The pandemic devastated the travel industry in 2020 as many tourism-related businesses sharply curtailed their activity or shut down altogether. While many travel stocks have recovered as the U.S. economy has reopened, others such as Airbnb (NASDAQ:ABNB) and Carnival Cruise Lines (NYSE:CCL) continue to lag. Given this situation, investors should take a closer look at these stocks to see whether their current valuations offer buying opportunities or imply further troubles to come.
Airbnb IPOed late last year, and after surging higher during its first two months on the market, it has pulled back. Now, it trades for around $137, below the level on Dec. 10 — its first day of trading.
To be sure, Airbnb changed the travel industry by bringing individual property holders into the hospitality market. This has forced established hotel booking companies such as Booking Holdings and Expedia to attempt to compete by offering comparable short-term rentals.
Nonetheless, while HomeToGo’s subsidiary Tripping.com also operates in this space, Airbnb remains the only publicly traded company focused exclusively on marketing individual rental properties and rooms.
Still, while the U.S. appears on course to emerge from the intense phase of the pandemic, Airbnb remains in a recovery mode. It reported first-quarter revenue of $887 million, a 5% increase from year-ago levels. However, its losses of almost $1.2 billion came in 244% higher as lower costs of revenue and operating expenses did not compensate for negative interest income and high debt issuance costs.
Nonetheless, that represents an improvement from 2020, when its full-year revenue dropped 30% from 2019 levels to $3.4 billion. Also, because the company faced higher operating costs and IPO expenses in 2020, losses during that period spiked nearly sevenfold to nearly $4.6 billion. Although Airbnb declined to release specific numbers on its outlook for Q2, management said that it expects its revenue to be similar to the second quarter of 2019.
Despite this likely recovery, the stock appears pricey. The price-to-sales (P/S) ratio stands at about 21. While that valuation is lower than it has been this year, it remains well above Expedia‘s P/S ratio of 5.3 or Booking Holdings‘ sales multiple of around 16. Although Airbnb should move higher in the long term, expenses and a slow recovery could hinder its near-term growth.
COVID-19 affected Carnival even more profoundly than it did Airbnb: The pandemic completely shut down the cruise line operator and its peers for over a year. Now, cruise ships have finally been given the go-ahead to resume sailing from the U.S., and Carnival’s first cruise in more than 15 months left port on July 3. This means that its fiscal second quarter, which ended May 31, will likely be the last one of negligible revenues.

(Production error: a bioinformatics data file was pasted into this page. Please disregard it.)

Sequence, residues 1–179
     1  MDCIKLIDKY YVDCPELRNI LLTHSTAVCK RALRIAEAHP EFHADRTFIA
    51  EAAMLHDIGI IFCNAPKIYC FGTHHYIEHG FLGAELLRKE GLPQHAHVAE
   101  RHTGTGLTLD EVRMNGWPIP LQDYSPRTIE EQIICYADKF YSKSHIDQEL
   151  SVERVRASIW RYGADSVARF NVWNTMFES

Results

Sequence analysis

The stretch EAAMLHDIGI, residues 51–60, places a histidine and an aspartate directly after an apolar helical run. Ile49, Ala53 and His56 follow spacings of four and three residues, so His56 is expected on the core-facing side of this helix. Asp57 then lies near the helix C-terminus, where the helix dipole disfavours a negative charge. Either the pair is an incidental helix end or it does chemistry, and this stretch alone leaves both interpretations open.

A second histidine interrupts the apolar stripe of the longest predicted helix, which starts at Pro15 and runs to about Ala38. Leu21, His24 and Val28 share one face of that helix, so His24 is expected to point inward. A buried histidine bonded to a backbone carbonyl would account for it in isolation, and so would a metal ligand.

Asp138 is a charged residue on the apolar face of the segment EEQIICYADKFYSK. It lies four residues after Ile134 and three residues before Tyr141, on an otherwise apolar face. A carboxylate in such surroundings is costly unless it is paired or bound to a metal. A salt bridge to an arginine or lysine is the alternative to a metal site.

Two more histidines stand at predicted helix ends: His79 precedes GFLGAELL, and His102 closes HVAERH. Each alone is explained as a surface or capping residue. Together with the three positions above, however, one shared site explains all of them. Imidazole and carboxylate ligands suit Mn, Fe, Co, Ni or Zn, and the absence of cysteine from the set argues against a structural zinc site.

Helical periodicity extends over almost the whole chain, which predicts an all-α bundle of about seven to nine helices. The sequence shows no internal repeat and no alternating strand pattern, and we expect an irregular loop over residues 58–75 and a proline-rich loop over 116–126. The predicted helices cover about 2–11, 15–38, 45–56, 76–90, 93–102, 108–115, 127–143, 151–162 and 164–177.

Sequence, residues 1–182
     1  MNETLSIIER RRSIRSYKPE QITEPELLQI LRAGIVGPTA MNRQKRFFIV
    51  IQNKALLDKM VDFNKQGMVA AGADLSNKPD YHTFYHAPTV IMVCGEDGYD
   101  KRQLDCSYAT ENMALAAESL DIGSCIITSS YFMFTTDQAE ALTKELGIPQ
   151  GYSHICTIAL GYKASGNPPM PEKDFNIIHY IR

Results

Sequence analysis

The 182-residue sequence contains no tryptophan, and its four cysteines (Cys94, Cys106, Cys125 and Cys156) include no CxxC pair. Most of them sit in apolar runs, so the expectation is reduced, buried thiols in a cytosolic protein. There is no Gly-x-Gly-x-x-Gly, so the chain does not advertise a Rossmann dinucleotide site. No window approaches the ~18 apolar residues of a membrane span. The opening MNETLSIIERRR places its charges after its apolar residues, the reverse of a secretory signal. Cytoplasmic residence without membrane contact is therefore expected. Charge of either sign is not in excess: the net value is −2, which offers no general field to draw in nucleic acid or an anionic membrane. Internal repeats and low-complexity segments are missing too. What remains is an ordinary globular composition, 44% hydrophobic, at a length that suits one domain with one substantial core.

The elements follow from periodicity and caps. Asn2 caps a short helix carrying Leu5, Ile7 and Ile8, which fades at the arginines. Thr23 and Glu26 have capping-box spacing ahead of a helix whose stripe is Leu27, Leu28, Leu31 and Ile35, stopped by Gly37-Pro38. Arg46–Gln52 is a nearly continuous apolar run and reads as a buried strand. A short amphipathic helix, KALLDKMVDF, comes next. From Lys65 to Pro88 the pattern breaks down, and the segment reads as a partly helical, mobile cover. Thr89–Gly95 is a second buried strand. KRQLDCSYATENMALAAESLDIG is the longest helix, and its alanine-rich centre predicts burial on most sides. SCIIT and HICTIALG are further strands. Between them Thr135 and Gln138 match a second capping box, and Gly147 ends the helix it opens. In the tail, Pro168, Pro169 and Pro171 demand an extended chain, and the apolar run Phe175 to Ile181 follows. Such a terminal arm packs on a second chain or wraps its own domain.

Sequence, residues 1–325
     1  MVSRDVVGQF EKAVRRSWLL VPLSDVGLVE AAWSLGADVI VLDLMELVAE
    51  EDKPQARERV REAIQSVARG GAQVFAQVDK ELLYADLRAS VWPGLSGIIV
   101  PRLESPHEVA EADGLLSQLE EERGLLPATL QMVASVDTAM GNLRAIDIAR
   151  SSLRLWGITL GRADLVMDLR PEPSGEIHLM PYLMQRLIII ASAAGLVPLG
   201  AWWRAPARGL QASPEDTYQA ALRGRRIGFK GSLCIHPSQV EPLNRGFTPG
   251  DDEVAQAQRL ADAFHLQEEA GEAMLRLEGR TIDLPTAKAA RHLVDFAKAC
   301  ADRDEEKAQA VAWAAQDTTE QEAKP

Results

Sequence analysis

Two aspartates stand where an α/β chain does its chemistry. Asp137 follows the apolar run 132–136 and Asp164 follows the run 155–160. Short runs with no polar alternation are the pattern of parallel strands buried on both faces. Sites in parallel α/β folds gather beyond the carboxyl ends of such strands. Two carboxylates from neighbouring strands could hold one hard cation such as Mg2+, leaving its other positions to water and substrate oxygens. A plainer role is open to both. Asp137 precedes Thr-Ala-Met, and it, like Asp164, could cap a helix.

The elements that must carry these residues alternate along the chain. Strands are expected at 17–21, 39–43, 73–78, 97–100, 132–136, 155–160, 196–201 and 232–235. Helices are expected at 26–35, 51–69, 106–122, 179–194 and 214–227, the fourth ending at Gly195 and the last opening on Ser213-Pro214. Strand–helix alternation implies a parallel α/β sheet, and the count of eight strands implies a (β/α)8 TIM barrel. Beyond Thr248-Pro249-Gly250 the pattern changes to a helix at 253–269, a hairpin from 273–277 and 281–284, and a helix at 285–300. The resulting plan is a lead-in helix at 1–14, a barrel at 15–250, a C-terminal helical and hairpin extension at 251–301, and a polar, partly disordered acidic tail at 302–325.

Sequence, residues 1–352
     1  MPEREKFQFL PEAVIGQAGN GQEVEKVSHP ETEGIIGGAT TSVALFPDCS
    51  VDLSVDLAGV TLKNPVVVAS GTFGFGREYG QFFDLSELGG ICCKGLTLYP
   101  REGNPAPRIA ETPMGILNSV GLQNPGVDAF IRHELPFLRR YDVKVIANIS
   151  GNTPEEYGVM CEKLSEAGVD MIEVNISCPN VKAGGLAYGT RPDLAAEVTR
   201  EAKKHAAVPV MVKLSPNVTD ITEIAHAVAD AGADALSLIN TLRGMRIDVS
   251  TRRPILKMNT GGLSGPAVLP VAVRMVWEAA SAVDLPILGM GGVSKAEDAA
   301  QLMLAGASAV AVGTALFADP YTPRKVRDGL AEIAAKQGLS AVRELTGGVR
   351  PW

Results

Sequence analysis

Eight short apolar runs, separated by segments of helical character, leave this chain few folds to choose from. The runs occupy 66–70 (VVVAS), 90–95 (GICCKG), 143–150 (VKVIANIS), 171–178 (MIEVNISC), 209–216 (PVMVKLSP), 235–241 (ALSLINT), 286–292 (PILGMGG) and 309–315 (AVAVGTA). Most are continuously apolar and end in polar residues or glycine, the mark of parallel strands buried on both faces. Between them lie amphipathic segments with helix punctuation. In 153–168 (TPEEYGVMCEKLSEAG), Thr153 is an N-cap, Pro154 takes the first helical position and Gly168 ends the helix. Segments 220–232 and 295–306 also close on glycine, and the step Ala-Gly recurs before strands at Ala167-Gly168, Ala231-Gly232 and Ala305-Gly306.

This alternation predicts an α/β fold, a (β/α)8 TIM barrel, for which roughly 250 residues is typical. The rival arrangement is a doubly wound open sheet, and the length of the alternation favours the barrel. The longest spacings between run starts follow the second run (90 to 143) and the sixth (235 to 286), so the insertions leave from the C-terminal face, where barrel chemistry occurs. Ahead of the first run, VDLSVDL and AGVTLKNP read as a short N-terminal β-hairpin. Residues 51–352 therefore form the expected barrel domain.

Carnival also remains the largest operator of cruise lines, which has helped it weather this storm better than smaller, less capitalized operations. Moreover, the fact that one of its scheduled 2022 cruises sold out in six hours points to tremendous pent-up demand.
We will not know how its return to the sea will affect its financials until Carnival announces fiscal Q3 earnings in the fall. Still, now that it can earn significant revenues, the numbers will almost certainly improve.
For the first two quarters of fiscal 2021, Carnival reported only $75 million in revenue, down from $5.5 billion in the first half of 2020. However, its $3.1 billion in losses for the first half of 2021 was less steep than the $4.8 billion loss it suffered for the first six months of 2020. Although Carnival reduced operating expenses by 80% during that time, its 2021 losses would have increased had the company not booked $2.1 billion in goodwill impairments in the first half of 2020.
Those lost revenues still weigh on Carnival’s stock. It’s trading at less than half its January 2020 levels. And while it has risen far above its early 2020 lows, Carnival shares fell again last month amid rising worries over the spread of the Delta variant of COVID-19.
All of that lost revenue also will bring profound, longer-term effects in the form of debt obligations. The total debt of almost $31 billion Carnival is carrying now is close to triple the $11.5 billion in total debt on its books at the end of 2019. Consequently, Carnival has paid $835 million in interest during the first six months of 2021. In comparison, it spent only $206 million on interest expenses in all of 2019, a year when it reported a net income of $3 billion. The company will probably face approximately $1.6 billion in annual interest expenses for the foreseeable future, indicating a long, slow recovery that could weigh on the stock for years to come.
Given current business and financial conditions, investors should assume that current stock prices do not reflect any undervaluations. Both businesses should recover. However, Airbnb could struggle to justify its current price-to-sales multiple, while Carnival’s debt burdens will probably make it harder for the company to return to its pre-pandemic profit levels. Thus, today’s lower stock prices probably do not reflect buying opportunities for either company.
This article represents the opinion of the writer, who may disagree with the “official” recommendation position of a Motley Fool premium advisory service. We’re motley! Questioning an investing thesis — even one of our own — helps us all think critically about investing and make decisions that help us become smarter, happier, and richer.
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